You likely have your cleaning routine down cold and are using the right chlorine test strips. Most of the high-touch items listed in the checklist below can be found in a typical business. Use it as a primer/quick reference for your staff to follow so you can focus on the things you need to do to ride out the pandemic.
Chlorine Bleach Kills Coronavirus
If you need to clean even some of the items on the list several times a day, you need an economical disinfectant. Regular off-the-shelf supermarket chlorine bleach is cheap and effective for killing viruses and bacteria. Check out the image below or click on it to get a pdf version you can download.
How Much Chlorine Bleach Do I Need?
Bleach straight out of the jug is dangerous if ingested and is far more concentrated than needed for disinfecting the items on the checklist. Proper dilution ensures both effectiveness and minimizes waste.
The CDC’s Cleaning And Disinfecting Your Home lists ways to dilute chlorine bleach that comes in concentrations of 5.25% & 8.25%. Oddly, it does not mention the final ppm concentration these dilutions achieve. We entered their numbers into our free sanitizer dilution calculator and the results are in the table below. The calculator works in metric units but the American equivalents in mL (millilitres) are shown below the table.
What ppm Does the CDC Recommend?
In the table, you can see the top row, “Dilution Calculator Field”. There are the 4 data fields corresponding to: % concentration of undiluted bleach (1); final ppm of diluted bleach (2); the water you mix (3) with the small amount of bleach concentrate is shown after you Calculate Field 4.
The CDC instructions are a little different since they skip Field 2 & give the results for Field 4 instead. That’s ok. The Dilution Calculator knows that Field 2 is empty and will calculate the desired ppm instead.
So, we entered both their choices for % concentration of undiluted bleach in Field 1. We left Field 2 blank since we don’t know the final ppm. We entered the amount of water to mix with the bleach in Field 3 & finally the amount of bleach concentrate goes into Field 4. When you press “Calculate” the Dilution Calculator knows to return an answer in ppm in Field 2.
Gallon=~3800mL (or 3.8L); Quart=~950mL; Cup=~235mL; Fluid Ounce=~25ml; Tablespoon=~15mL; Teaspoon=~5mL. (Note: These are for US sizes; e.g. an Imperial Gallon=4.5L).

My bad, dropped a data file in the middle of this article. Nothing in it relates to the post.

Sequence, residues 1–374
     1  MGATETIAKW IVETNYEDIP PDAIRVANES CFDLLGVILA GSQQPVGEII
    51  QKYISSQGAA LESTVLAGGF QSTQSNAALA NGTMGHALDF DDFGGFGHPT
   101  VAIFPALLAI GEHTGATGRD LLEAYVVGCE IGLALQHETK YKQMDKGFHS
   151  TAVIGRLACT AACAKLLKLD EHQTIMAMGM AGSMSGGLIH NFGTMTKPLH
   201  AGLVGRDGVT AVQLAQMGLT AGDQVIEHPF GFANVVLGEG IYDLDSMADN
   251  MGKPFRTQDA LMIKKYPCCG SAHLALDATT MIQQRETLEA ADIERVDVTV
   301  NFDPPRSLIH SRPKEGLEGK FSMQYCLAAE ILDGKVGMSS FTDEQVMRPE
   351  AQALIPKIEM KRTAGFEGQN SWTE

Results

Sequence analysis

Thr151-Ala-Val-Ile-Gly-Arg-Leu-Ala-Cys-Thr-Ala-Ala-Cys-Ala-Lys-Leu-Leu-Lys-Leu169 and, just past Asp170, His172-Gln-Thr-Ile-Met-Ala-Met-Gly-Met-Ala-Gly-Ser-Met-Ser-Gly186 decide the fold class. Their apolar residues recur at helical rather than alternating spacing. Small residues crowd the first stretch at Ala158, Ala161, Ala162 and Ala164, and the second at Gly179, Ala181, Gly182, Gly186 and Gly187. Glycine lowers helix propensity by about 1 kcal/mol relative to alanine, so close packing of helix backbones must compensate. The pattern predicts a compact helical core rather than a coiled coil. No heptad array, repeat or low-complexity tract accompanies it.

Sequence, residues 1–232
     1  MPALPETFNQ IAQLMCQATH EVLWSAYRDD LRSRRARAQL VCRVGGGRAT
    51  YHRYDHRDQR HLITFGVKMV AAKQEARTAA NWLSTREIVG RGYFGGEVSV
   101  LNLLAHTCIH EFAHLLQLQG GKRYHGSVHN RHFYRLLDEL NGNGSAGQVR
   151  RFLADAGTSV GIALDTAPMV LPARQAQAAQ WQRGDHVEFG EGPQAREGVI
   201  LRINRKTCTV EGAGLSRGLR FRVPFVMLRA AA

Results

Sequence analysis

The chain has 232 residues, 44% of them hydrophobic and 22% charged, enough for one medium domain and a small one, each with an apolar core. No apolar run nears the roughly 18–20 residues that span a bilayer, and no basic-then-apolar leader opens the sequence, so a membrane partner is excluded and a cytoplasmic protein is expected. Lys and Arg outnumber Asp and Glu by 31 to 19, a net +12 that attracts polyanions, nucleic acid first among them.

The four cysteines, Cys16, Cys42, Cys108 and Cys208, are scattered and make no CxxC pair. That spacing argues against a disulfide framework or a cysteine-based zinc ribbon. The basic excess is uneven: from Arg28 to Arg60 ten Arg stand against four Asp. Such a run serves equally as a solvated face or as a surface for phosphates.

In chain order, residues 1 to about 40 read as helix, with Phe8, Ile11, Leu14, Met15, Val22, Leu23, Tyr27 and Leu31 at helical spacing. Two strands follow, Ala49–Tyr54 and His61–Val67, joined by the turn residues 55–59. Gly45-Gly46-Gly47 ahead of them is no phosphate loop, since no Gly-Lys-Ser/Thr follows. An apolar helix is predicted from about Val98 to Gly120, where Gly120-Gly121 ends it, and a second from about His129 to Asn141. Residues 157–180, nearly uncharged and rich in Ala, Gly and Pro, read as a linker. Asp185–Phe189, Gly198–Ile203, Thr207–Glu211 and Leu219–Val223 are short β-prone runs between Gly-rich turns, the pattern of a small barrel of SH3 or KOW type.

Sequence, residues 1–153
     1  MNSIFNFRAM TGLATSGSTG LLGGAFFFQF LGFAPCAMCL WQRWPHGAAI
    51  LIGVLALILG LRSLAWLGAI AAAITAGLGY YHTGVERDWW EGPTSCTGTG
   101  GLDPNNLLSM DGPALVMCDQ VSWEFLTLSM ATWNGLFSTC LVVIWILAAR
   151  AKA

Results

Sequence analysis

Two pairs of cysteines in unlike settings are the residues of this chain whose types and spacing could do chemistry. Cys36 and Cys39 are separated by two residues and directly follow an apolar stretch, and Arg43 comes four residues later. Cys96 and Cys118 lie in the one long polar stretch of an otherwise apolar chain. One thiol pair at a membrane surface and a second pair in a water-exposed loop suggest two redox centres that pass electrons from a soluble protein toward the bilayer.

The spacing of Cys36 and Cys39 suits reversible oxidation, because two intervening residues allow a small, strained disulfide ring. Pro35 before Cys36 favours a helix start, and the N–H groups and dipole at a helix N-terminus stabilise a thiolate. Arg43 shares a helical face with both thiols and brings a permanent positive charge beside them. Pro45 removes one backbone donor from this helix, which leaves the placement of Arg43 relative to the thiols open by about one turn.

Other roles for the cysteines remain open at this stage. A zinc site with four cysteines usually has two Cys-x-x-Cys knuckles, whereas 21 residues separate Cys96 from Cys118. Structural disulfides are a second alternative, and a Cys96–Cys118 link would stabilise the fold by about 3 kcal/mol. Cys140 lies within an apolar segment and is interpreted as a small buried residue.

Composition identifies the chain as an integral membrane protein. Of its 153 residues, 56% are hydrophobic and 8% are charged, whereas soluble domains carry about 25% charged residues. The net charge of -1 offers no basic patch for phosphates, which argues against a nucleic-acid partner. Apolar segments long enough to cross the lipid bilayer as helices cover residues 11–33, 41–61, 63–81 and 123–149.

Which Chlorine Test Strips Do I Need?
Health inspectors & government regulations recommend chlorine test strips to confirm dilutions are correct. Indigo™ strips are accurate for years and can also determine if the bleach has expired.
The calculations show the CDC is suggesting ppm values of roughly 1000ppm when using 5.25% bleach & just over 1500ppm when using 8.25%. You can safely use Indigo™ 0-1000ppm chlorine test strips & 0-2000ppm chlorine test strips respectively for these measurements. The 2000ppm test strip has a color bar at 1500ppm. Don’t be alarmed by the fact that the table shows higher. Test strips are semi-quantitative. What that means is that they are considered accurate within 10%.
Where Can I Buy Chlorine Test Strips?
Shop online securely at Indigo Instruments 24/7, 365 days a year. We don’t pad our prices so we can offer “free freight”. We charge shipping at cost and just 2 or 3 packs of the same or different sanitizer test strips can be delivered for less including freight than other firms that claim to deliver for free. If you find an instance where this isn’t the case, let us know.
Related Information from Indigo™ Instruments
Additional material that may interest you:
- Diluting Chlorine, Peroxide, Quats is Easy. Dilute any concentration of disinfectant to any ppm for bottles or bucketfuls.
- What Kills Norovirus on Surfaces? Chlorine bleach works fine on any hard surface from dishes to doorknobs.
- Test Strip Expiration Dates; Good Today, Dead Tomorrow? Don’t toss good test strips away. Good today doesn’t mean bad tomorrow.
- Wash, Rinse, Sanitize: The Three Sink Method. A simple technique for kitchens anywhere.
- Chlorine Bleach Disinfectant-An Old Chemical for New Bugs. Frequent cleaning doesn’t have to be expensive.